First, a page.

Earlier in the tutorial, in order to compare the results before and after optimization, you saved the project as tutorial_1.msop before optimizing, and obtained the graph of Figure 31. After optimization, you saved the project as tutorial_2.msop and obtained the graph of Figure 30. This kind of comparison can be done within a single project using the Configurations feature.
The Configurations feature allows for optimization using different types of filters, different filter parameters and so on. Save the current project and open up the tutorial_1.msop. Save it as tutorial_3.msop so you can still go back to the original if you make a mistake. Select the name of the configuration, Config 1, and press F2. Rename the configuration to Original. Right-click on Original and choose Clone Configuration. This will cause the Clone Configuration dialog to be launched. In this dialog, enter Optimized in the Choose a name for the new configuration box. Make sure the checkbox labeled Clone associated graphs is checked. This will create an identical copy of the Optimized configuration. In addition, all graphs of the Original configuration will be copied, and the traces of the copy will be changed to refer to the new Optimized configuration. This means all your graphs will be set up for the new configuration automatically. After collapsing the tree structure of both Original and Optimized, the result should look as below.
The Original configuration should be kept as-is to enable performance comparison before and after optimization. To protect it, you can lock all the parameters of all the filters in the configuration. Select the topmost node of the Original configuration as shown above in Figure 33. Right-click and choose Lock All Filter Parameters of this Configuration from the context menu. This will set the Optimization allowed property of all parameters of all filters in Original to False. Verify that this is the case by expanding the Original node. The icons for all the filters in the Original configuration will now be a dark gray color, indicating that the optimizer will not adjust any of their parameters.
Press the Start optimization button on the toolbar. A dialog box pops up, asking you to specify which configuration you want to optimize. This dialog only pops up when there is more than one configuration present. Select Original and click OK. You should get the message The configuration named “Original” has no optimizable parameters. This is expectred, since you just locked all its filter parameters. Since this project originated with the tutorial_1.msop that was saved prior to running the optimization, you'll need to run the optimization again to optimize the filter parameters for the Optimized configuration.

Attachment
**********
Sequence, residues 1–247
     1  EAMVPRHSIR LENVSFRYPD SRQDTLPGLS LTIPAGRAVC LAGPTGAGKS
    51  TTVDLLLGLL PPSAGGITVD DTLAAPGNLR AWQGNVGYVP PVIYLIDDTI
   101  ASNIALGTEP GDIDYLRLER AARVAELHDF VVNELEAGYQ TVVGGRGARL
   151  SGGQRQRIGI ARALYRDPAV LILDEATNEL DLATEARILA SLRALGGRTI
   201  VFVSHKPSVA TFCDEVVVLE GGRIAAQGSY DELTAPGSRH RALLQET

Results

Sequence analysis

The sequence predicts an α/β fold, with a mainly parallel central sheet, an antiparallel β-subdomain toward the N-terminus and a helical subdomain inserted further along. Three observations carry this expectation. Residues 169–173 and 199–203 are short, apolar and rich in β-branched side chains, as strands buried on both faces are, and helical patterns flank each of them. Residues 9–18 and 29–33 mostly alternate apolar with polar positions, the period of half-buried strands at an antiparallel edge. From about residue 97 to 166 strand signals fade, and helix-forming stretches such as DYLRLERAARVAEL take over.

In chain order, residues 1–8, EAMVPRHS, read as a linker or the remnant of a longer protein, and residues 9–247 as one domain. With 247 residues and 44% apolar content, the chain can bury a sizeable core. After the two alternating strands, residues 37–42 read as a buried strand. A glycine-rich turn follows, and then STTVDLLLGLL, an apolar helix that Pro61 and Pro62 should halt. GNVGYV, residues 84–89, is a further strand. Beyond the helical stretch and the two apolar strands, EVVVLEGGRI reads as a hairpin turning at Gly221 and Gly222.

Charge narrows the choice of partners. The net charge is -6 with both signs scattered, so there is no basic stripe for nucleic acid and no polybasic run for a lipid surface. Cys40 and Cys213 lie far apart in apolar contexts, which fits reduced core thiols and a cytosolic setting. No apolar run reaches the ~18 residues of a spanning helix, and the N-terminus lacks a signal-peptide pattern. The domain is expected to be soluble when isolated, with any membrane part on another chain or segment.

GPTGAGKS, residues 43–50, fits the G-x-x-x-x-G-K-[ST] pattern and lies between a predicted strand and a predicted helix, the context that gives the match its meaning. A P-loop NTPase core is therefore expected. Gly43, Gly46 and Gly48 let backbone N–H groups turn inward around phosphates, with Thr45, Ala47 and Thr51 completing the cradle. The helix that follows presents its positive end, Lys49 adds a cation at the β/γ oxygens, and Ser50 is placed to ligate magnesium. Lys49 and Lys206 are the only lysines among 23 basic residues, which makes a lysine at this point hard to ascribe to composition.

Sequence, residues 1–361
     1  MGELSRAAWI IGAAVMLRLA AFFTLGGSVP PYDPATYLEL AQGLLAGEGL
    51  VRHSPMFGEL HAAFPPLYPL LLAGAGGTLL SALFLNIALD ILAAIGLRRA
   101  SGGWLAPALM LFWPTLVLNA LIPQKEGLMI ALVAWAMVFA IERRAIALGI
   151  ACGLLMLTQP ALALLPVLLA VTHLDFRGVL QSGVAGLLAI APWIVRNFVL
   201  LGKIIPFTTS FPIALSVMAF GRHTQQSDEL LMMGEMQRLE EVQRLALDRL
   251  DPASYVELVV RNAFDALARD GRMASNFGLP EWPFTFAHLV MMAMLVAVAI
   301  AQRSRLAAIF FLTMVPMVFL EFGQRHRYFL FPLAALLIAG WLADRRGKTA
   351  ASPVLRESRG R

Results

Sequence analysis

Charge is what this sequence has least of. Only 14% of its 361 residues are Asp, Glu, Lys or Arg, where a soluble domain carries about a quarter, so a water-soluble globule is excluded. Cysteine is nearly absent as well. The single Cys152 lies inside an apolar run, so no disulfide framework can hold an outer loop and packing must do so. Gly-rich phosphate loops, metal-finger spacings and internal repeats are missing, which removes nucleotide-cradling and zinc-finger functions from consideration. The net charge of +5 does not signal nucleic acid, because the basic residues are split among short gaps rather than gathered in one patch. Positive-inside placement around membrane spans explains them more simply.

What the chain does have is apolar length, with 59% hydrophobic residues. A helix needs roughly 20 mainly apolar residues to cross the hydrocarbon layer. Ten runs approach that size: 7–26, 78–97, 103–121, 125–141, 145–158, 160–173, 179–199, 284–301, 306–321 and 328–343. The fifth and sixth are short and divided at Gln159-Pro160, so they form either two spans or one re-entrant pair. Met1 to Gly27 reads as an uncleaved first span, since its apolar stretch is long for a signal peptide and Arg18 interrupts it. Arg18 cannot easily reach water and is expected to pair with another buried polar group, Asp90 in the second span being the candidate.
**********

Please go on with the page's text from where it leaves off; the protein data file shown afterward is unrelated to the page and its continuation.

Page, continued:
Activate the Data View by clicking on the Data View tab at the lower left of the main window. Rename the Combined Responses graph by clicking on the Combined Responses text under Graphs and pressing F2. Rename it to Combined Responses (Original). You'll notice that in the process of cloning the original configuration, a new graph named Optimized: Copy of Combined Responses has been created. Select this name, and using F2, rename it to Combined Responses (Optimized) as shown below.
Notice that the trace names in the newly-created graph are the same as the trace names of the original. This was done automatically in the Clone Configuration operation. To avoid possible confusion caused by multiple open graphs, close the Combined Responses (Original) graph window if it is open, so that only the Combined Responses (Optimized) graph is shown.
Now is a good time to save your work, so press Ctrl+S to save or choose File, Save from the main menu to save the project.
Press the Start optimization button on the toolbar again, but this time choose Optimized as the configuration. In the dialog, you can either click OK or double-click the configuration name to start the optimization. This is a complex optimization, so let it run for the full 30 minutes to ensure the best results.
Since the optimizer uses a random number generator in its optimization algorithm, the results vary somewhat from one equally long optimization run to another. Because of this, open the tutorial_3_prefab.msop in the Sample Projects sub-folder of the tutorial to ensure your results match the tutorial. Then, use File, Save As to save it as tutorial_3.msop, overwriting the tutorial_3.msop you created earlier.
As an exercise on your own, try out what you learned earlier in Getting Information About the DSP Filters to create a graph named Optimized Filter Responses showing the frequency responses of the Sub 1, Sub 2, Sub 3 and Sub 4 channels of the Optimized configuration. Choose manual scaling for the y axis and name the traces Sub 1, Sub 2, Sub 3 and Sub 4. You can also try the step of doing a filter report for the Optimized configuration. That exercise has been worked out and can be found in the tutorial_4_prefab.msop in the Sample Projects sub-folder of the tutorial.